and P is absorbed from the small intestine in conjunction with activated vitamin D3 (1,25-dihidrocolecalciferol). After absorption these minerals are distributed via the blood to bones and teeth where it is deposited in a crystalloid form. The balance between calcium incorporation and resorption (releasing Ca back to the blood) are under hormonal control. Both calcitriol and parathyriold hormone plays a role. The dietary Ca:P ratio is also critical for absorption. A ratio of 1:1 – 2:1 is recommended. Excessive dietary Ca is excreted via the feces.

In animals the precursor of vitamin D (7-dehydrocholesterol) is taken in via the diet. By the action of UV eradication, dehydrocholesterol is converted to cholecalciferol (inactive vitamin D3) in the skin. Both the D2 (from plants) and the D3 form (from animal origin) can also be absorbed. After absorption all these forms are carried in the blood

IN SHORT Calcium (a mineral) is needed for normal bone growth, muscle contraction and nerve conduction. The only source of calcium is dietary intake. Gut absorption of this mineral is dependant on activated vitamin D3 and the ratio and interaction of phosphorus. Dietary vitamin D3 precursors are activated by UV radiation. Non-absorbed calcium is excreted via the faeces. When inadequate levels of calcium are absorbed the body uses its calcium stores, i.e. mainly bone, to keep the calcium in the blood within normal functional range. This range is needed to keep muscle and nerve functions optimum. When the bone stores are however depleted, i.e. when there are still no calcium absorption, the movement functions start to become suboptimal and the animal start to show abnormalities.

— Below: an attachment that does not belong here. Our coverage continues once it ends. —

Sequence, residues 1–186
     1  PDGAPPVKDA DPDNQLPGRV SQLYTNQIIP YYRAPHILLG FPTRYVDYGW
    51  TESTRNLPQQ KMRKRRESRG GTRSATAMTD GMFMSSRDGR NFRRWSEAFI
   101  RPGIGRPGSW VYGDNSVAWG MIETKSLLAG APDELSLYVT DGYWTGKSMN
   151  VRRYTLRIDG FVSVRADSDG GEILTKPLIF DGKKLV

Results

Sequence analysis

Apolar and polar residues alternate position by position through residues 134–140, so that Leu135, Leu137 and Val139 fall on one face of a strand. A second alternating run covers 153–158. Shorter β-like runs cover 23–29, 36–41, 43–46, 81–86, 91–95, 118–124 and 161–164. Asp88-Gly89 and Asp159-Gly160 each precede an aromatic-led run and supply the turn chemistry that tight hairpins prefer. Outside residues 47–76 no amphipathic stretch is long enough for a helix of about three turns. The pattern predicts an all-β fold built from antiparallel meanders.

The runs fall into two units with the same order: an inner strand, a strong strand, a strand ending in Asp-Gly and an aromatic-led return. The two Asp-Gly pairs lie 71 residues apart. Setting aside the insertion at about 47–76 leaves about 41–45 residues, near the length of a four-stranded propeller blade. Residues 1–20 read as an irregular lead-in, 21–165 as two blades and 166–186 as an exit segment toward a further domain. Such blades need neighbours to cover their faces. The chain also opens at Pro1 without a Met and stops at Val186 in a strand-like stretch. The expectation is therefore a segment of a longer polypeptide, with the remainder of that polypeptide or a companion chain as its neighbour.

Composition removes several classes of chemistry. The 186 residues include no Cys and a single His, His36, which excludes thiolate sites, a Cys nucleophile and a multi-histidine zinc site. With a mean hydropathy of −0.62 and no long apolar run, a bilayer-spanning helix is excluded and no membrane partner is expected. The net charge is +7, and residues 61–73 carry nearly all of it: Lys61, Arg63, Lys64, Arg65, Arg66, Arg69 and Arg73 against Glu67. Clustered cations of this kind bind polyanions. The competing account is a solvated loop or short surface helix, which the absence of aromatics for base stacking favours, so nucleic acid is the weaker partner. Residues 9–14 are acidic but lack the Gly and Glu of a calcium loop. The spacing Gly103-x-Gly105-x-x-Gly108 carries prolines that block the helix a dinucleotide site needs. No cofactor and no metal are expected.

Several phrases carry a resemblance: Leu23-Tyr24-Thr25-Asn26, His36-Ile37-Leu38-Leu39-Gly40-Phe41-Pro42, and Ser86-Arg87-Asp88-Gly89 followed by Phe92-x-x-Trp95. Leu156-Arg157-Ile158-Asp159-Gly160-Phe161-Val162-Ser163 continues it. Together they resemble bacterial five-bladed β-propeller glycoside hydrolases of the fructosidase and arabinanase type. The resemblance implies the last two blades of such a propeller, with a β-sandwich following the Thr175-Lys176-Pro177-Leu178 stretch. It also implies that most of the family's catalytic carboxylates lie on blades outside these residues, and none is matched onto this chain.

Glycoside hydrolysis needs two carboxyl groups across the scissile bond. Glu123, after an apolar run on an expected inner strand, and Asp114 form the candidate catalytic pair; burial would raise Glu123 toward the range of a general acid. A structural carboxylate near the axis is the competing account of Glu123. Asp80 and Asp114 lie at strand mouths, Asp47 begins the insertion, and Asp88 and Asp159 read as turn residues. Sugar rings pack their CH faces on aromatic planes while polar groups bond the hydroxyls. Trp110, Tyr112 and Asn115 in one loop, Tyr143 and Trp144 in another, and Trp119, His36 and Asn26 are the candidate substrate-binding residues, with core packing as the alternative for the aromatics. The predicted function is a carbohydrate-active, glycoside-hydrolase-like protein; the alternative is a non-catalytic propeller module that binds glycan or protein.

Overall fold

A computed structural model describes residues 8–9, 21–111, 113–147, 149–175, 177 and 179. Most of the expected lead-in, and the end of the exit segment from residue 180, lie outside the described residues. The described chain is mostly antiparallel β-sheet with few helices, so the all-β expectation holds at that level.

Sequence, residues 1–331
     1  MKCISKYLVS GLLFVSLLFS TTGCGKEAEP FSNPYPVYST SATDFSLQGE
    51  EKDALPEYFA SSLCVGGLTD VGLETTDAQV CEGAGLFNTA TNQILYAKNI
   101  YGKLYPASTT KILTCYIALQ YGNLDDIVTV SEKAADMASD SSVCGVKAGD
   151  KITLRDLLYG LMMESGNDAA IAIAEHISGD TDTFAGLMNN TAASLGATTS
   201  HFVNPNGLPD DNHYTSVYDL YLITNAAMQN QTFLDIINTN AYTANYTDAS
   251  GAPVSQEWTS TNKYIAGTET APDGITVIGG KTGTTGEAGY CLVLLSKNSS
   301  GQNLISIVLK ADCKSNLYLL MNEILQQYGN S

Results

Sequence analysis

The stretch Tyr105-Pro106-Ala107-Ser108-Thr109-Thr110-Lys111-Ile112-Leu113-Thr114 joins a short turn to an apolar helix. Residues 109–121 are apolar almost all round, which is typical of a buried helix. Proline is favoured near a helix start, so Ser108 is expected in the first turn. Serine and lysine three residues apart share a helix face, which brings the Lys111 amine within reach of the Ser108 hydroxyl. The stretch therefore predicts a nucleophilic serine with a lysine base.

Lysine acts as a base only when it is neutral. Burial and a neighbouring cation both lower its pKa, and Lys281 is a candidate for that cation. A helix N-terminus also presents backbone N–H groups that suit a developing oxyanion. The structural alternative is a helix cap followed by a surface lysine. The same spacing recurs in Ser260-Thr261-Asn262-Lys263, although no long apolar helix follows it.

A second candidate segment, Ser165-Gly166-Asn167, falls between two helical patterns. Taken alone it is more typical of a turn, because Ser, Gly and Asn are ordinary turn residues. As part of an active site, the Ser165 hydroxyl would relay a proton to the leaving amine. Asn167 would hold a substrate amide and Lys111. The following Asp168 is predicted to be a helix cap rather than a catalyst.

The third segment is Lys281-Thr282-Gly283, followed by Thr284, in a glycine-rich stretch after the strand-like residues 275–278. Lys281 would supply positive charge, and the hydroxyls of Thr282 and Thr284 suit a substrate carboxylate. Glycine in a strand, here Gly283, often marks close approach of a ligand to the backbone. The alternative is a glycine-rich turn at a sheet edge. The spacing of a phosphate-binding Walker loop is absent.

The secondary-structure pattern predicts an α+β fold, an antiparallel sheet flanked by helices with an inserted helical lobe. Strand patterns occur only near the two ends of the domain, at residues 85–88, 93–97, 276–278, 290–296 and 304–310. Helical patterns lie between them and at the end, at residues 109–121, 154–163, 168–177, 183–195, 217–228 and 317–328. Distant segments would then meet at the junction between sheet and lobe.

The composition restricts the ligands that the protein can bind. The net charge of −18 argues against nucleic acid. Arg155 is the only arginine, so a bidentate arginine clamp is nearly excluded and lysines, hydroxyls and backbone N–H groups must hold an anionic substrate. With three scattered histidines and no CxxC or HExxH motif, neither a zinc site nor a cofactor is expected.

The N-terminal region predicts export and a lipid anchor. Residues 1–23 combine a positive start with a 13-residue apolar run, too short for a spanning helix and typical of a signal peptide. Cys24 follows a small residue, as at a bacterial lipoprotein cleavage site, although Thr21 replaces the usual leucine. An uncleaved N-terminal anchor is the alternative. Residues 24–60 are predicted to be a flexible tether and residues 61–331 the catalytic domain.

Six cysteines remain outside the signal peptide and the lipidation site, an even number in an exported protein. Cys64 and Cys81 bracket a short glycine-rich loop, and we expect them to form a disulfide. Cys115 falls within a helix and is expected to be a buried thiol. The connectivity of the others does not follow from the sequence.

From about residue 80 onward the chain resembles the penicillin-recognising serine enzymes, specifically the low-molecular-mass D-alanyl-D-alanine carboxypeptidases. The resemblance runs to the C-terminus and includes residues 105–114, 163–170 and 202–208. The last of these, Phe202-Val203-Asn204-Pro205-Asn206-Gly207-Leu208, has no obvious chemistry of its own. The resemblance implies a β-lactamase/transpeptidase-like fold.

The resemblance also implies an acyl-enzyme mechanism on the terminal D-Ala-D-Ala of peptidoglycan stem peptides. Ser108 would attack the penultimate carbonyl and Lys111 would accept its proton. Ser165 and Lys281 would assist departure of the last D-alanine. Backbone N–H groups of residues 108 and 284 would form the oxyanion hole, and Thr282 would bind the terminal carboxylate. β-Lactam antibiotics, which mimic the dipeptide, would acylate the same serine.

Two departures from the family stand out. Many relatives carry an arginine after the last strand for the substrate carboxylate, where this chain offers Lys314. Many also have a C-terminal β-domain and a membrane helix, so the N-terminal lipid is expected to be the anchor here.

attached to a “vitamin D binding protein” (DBP) where it is transported to the liver. In the liver cholecalciferol is converted to 25-hydroxycholecalciferol. 25-hydroxycholecalciferol is converted to activated (1,25-dihydroxycolecalciferol) and another inactivated (24,25-dehydroxycolecalciferol) form in the kidneys. Under conditions that require additional calcium and phosphorus (i.e. growth or egg development) the activated form are mainly produced. 1,25-dehidrocolecalciferol aids in the absorption of Ca and P from the GIT and in the release of parathyroid hormone (PTH).